Whether or not they want to talk about it, console VR is a thing. Microsoft presumably has a plan here but it’s hard to work out what it could be, unless they’re saving some big reveal for another convention down the line. We best hope so because if not, they’re deliberately choosing to throttle their console’s ability to branch out.

Factor’s top 10 predictions for this year’s E3

It’s that time of year again. E3 is almost upon us so it’s time to delve into the world of predictions as we attempt to make calls on what may happen at the gaming expo. Some are predictable, others mere pipe dreams, but at least we can be reassured we’ll almost certainly see previews for games that are absolutely nowhere near ready to be released.

Project Scorpio: Image courtesy of Microsoft

Likely E3 predictions

Microsoft launches some special Scorpio exclusive: Project Scorpio is coming, we know this. Whether it will make any more significant impact than the PS4 Pro remains to be seen but it’s pretty likely that they’re gonna roll out the red carpet to greet the new console with some sort of special perks. Whether this will come in the form of bundles, special editions up-rezzed just for the Scorpio or some brand new announcement is less clear. Microsoft has already put out a Halo and Gears of War too recently for it to be bringing any new additions to those franchises before the end of the year, but we can only hope that it might have the vision to put out a big title to come along with Scorpio’s launch.

Nintendo properly unveils Super Mario Odyssey: We already know the new Mario game is on its way, though admittedly in the incredibly vague “Holidays” period at the end of the year. E3 is Nintendo’s chance to solidify excitement for the game and help keep the Switch’s sales ticking along until Christmas. What we’ve seen so far has people excited, with gameplay calling back to Super Mario 64, and now it’s time for Nintendo to expand on that excitement and really show us what the game is about. With new rumours suggesting the game will release in November, it’s fairly likely that along with a new trailer (which could either unveil some story or go hard on showcasing gameplay) we’ll get a confirmed release date.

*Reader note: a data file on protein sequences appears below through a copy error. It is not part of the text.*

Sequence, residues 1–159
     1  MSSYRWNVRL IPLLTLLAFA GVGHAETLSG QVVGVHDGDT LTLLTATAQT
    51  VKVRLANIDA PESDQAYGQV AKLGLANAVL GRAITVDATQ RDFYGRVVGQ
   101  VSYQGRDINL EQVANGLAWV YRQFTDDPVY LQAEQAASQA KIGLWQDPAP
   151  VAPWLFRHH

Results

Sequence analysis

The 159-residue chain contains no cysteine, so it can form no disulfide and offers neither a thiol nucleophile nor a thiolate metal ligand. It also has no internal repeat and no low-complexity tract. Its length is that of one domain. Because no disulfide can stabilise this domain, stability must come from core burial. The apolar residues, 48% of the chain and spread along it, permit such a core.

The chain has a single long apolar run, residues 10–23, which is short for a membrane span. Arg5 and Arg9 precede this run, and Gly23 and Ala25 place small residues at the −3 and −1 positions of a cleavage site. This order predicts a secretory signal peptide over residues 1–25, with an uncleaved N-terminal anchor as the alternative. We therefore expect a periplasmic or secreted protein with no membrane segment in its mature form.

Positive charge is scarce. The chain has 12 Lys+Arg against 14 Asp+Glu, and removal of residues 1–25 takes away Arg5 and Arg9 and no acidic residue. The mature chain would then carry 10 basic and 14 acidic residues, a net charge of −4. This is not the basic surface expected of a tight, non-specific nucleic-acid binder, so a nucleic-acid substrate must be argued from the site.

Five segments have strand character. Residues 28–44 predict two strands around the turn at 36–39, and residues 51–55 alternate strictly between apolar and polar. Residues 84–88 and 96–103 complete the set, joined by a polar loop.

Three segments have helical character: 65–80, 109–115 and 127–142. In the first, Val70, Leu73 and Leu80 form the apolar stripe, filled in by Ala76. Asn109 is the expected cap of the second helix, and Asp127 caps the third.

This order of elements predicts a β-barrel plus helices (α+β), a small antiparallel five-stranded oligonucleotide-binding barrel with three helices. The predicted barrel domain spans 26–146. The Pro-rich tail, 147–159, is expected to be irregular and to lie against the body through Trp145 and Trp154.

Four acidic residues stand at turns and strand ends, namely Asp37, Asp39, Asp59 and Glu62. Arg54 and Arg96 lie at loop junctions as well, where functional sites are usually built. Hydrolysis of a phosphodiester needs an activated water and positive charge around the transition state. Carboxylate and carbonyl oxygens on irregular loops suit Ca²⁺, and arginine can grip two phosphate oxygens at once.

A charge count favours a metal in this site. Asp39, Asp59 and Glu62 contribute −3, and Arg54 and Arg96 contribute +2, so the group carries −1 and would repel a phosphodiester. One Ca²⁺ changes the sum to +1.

Sony lets slip a new PlayStation All Stars: Maybe not as likely as the others on this list, but there’s a not completely unreasonable chance that Sony may look to double down on its nostalgia run. With remasters of PaRappa the Rapper, LocoRoco and Patapon all coming out the PlayStation camp, as well as the remastered Crash Bandicoot trilogy, Sony is clearly having a bit of a phase with bringing their old games back to fresh life. While All Stars may not be one of their premium titles, and doesn’t have quite the same recognition that some other nostalgia brands may elicit, with the popularity of Nintendo’s Smash Bros. (pretty likely to be getting a Switch remaster announced), it could be a good time for Sony to quietly announce that it’s bringing back its own iconic fighter. While it won’t be one of the headline titles, this is a game that could easily come in the latter half of their presentation alongside various indies and smaller third-party games.

Cyberpunk 2077: Image courtesy of CD Projekt Red